“We don’t stand a chance without Suarez. You wait. You mark my words.Next season’s going to be a disaster”
My name is Martin, I’m 43 years old and I’m a JFK assassination researcher.
Don’t go away, just yet.
Let me explain.
It all started many years ago, in a school, in a classroom.
A history lesson. I think I was about 14.
Up until then history had been a series of facts and events that had been presented to us without ambiguity. The Battle of Hastings, World War 2, that lady that jumped under the horse in the Derby, the Great Fire of London, Henry VIII and his many wives. Learn the wives, learn the order, learn which ones died, learn how they died.
Learn the facts, you’ll be tested on the facts.
Then a lesson on JFK. A lesson without facts. A lesson without answers.
JFK had been shot in Dallas and killed. That much the teacher knew.
Lee Harvey Oswald, the man arrested for the crime, had also been shot in Dallas and killed. That much the teacher also knew.
But that was it. The man who knew too much suddenly didn’t know much else.
He went through the basics of the competing theories, the multitude of ambiguity and then turned it over to us. “You decide what happened”, he said.
Hello, I thought. This is different
Cubans, Russians, The Mob, Oswald, Right Wing Extremists. We scratched the surface, in a school, in a classroom.
Looking back, I can’t remember what particular theory I settled on. I just remember enjoying the process. The process of learning with an open mind, the process of not knowing.
I also remember that some people had moved from uncertainty to certainty in an incredibly short space of time. People who hadn’t heard of JFK the day before had resolutely decided what had happened and why it had happened. The knowing, they enjoyed the knowing.
But that was that, the lesson was over. We moved on to something else, the dissolution of the monasteries, Roundheads and Cavaliers or something. Something with plenty of facts.
Learn the facts, you’ll be tested on the facts.
“Three defeats in pre-season. Not looking good this is it? I told you. We look a shadow of last year’s team. And I tell you now, the new signings aren’t good enough.”
I needed to know more.
Over the next couple of years, I’d almost forgotten all about the JFK assassination. The gateway drug that was that history lesson had worn off. I was a teenager. Other things were happening.
That was until November 1988, the 25th anniversary of the assassination.
Suddenly other things weren’t happening. Suddenly, the assassination was everywhere.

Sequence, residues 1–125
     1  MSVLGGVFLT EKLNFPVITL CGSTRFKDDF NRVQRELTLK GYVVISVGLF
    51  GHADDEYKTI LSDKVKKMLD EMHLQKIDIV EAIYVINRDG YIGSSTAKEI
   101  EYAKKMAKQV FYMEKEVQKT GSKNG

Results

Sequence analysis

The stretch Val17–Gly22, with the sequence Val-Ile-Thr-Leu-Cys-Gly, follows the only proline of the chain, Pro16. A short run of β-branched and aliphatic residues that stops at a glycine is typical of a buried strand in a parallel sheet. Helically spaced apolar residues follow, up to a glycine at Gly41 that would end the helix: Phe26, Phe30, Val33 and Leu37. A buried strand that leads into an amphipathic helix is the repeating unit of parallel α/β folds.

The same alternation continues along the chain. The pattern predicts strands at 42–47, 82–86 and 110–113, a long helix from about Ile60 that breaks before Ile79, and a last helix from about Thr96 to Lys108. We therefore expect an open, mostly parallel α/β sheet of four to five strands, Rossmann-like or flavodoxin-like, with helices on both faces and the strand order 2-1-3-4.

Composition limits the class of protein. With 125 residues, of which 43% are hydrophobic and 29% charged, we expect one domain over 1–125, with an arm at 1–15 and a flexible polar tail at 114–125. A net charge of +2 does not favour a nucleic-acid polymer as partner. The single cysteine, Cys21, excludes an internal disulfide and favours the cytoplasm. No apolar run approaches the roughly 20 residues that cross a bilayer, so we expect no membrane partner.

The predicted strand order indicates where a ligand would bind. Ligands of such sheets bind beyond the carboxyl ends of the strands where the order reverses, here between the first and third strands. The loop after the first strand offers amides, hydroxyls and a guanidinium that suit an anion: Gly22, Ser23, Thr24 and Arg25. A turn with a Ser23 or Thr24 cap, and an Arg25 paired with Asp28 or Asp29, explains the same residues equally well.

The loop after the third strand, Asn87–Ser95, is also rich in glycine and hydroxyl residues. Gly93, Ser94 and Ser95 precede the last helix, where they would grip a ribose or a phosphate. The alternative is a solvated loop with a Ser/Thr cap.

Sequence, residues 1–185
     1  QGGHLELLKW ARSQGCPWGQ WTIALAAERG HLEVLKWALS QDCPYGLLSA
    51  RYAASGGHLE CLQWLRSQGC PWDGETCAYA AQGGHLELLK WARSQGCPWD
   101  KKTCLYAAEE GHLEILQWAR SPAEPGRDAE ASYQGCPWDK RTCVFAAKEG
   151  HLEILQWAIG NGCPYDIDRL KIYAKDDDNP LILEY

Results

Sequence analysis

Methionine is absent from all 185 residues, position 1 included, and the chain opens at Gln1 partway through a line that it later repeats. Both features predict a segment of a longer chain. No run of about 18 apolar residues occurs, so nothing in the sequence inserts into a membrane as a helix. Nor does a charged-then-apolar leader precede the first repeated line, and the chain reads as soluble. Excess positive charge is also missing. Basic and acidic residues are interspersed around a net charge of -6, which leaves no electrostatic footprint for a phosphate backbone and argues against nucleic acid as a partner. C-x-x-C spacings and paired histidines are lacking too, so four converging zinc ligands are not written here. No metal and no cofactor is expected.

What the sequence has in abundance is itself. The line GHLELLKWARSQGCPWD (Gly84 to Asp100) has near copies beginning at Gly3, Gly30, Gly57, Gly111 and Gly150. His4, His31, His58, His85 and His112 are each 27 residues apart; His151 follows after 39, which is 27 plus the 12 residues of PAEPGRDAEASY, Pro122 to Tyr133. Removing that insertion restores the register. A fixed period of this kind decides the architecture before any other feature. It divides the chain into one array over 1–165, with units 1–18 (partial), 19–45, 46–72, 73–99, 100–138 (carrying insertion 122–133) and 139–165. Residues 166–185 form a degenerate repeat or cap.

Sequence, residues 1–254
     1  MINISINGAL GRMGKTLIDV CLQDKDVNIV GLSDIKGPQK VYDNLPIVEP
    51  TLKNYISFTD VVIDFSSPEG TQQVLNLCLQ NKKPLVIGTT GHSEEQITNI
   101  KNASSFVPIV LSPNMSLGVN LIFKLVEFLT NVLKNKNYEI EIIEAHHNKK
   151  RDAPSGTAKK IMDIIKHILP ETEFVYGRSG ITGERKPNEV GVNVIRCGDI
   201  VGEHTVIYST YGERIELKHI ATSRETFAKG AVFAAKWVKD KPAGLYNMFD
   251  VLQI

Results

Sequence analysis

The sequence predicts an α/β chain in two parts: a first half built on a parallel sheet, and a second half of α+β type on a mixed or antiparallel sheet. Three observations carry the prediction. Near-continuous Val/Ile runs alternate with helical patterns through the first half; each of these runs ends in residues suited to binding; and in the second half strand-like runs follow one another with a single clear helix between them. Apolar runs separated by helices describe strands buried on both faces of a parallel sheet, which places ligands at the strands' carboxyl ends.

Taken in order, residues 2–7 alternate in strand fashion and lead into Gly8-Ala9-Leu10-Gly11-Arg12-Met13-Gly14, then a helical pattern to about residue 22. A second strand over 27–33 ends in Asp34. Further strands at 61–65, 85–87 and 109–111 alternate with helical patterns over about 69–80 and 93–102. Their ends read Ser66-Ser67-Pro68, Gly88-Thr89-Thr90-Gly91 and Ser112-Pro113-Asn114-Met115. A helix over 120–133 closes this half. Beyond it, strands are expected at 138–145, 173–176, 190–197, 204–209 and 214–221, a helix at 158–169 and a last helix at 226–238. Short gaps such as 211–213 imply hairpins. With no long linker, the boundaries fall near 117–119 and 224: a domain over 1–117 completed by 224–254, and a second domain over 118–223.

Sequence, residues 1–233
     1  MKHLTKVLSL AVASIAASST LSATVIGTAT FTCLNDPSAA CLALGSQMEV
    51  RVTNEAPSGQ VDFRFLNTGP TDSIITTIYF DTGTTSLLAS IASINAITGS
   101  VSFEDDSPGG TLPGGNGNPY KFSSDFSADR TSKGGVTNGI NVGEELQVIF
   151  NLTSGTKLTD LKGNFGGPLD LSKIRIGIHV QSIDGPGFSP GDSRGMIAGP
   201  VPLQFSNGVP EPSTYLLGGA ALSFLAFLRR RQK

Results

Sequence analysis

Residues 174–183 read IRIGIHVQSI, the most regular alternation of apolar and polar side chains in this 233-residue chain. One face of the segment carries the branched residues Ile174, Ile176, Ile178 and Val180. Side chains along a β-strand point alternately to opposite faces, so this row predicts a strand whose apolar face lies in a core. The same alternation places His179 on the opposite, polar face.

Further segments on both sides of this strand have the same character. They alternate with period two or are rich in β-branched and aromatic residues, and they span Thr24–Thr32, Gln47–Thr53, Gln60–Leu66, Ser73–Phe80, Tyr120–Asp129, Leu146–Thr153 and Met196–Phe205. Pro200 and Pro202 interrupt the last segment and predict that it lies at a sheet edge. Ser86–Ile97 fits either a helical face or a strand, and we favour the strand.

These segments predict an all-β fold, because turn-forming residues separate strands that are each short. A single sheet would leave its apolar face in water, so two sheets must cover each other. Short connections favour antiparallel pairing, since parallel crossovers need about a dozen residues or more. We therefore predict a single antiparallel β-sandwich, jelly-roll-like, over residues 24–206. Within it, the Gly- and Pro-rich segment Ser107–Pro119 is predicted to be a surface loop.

Hello, I thought, I remember this.
ITV screened a two-part documentary, The Men Who Killed Kennedy. There were only four channels in 1988. There could have been 400, nothing else stood a chance.
I stayed in both nights and watched it. A teenage armchair researcher.
The Magic Bullet Theory, Zapruder, Umbrella Man, The Grassy Knoll, Officer Tippit, The Autopsy. On the telly, in my mum’s house, in 1988.
The Men who Killed Kennedy went beneath the surface. They interviewed witnesses, people who were actually there, people who saw and heard the whole thing but couldn’t agree on what they had seen or heard. Were there three shots, four shots, five shots, six shots? They had a theory about a man who they thought had fired a shot. They didn’t know who he was but he had a badge so they called him “Badgeman”.
I looked back to that history lesson a few years before and I realised how little I knew then. No one had mentioned Badgeman. No one had mentioned Umbrella Man. No one had mentioned Magic Bullets. All this new evidence, far from bringing me nearer to a conclusion just simply added to the process. The process of learning with an open mind, the process of not knowing.
“Villa at home? Told you, didn’t I? You can forget the league this year. Rodgers is being found out here. Always knew he wasn’t the right man for the job.”
I needed to know more.
1991. Oliver Stone’s JFK was released. A three-hour film that flew by.
I walked out the cinema, my head in a spin.
Clay Shaw, David Ferrie, Jim Garrison, New Orleans, Guy Bannister, Triangulation of Crossfire, Tramps in Dealey Plaza, The Military Industrial Complex, Operation Mongoose, Bay of Pigs, Back and to the left, Back and to the left, Back and to the left. In a cinema, in South East London.
I walked back into the cinema.
189 minutes later I walked out again, my head spinning even more.
The film changed everything. People wanted answers, people needed to know exactly what happened.
In response to the film, and the subsequent outcry, Congress set up the Assassination Records and Review Board, an independent body designed to preserve, release and review all the records pertaining to the assassination.
While it didn’t provide a definitive explanation for what happened, it didn’t even get access to all the records, it did add yet more information to the pool. For example, Douglas Horne the Chief Analyst for the Military Records, concluded with a 90-95% certainty that the photographs in the National Archives of JFK’s brain are not actually his brain.
That’s worth repeating.
In the mid 90s, some 30 years after the assassination, an independent body set up by Congress found, to a near 100% certainty, that the National Archive’s photographs of JFK’s brain were in fact of someone else’s brain.
Imagine having made your mind up, sticking resolutely to your position and then something like that materialises? What does that new evidence do to previously held beliefs? I guess you either ignore it, stick to your position, or you embrace the new information.
“Spurs away. At last, an acceptable performance. Not brilliant but acceptable. We need to be doing that every week or it counts for nothing. We’ll see, still think Rodgers is pulling the wool over our eyes. Also, anyone else think Balotelli looked a bit lazy?”
I needed to know more.
Acquiring information became much easier from the mid 90s onwards. Suddenly all the evidence, the witness testimonies, the Warren Commission exhibits were all available online. No longer did you have to travel to the National Archives in Washington DC, it was all readily available, all just a click away. You were also not limited to whatever books your local bookshop stocked, you could go online and order books from around the world, delivered straight to your door.